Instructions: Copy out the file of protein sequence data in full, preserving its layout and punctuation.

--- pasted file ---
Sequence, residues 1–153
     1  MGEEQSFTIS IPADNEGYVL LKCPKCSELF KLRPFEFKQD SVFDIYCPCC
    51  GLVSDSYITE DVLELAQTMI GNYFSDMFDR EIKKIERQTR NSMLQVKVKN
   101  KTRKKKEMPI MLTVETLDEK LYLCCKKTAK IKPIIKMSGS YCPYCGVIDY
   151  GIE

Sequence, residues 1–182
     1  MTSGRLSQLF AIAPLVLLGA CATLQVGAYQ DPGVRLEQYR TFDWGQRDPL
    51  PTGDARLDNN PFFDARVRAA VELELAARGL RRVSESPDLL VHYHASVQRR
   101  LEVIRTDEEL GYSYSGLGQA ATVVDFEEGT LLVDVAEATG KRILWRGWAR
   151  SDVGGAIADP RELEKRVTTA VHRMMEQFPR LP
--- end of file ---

Sequence, residues 1–153
     1  MGEEQSFTIS IPADNEGYVL LKCPKCSELF KLRPFEFKQD SVFDIYCPCC
    51  GLVSDSYITE DVLELAQTMI GNYFSDMFDR EIKKIERQTR NSMLQVKVKN
   101  KTRKKKEMPI MLTVETLDEK LYLCCKKTAK IKPIIKMSGS YCPYCGVIDY
   151  GIE

Sequence, residues 1–182
     1  MTSGRLSQLF AIAPLVLLGA CATLQVGAYQ DPGVRLEQYR TFDWGQRDPL
    51  PTGDARLDNN PFFDARVRAA VELELAARGL RRVSESPDLL VHYHASVQRR
   101  LEVIRTDEEL GYSYSGLGQA ATVVDFEEGT LLVDVAEATG KRILWRGWAR
   151  SDVGGAIADP RELEKRVTTA VHRMMEQFPR LP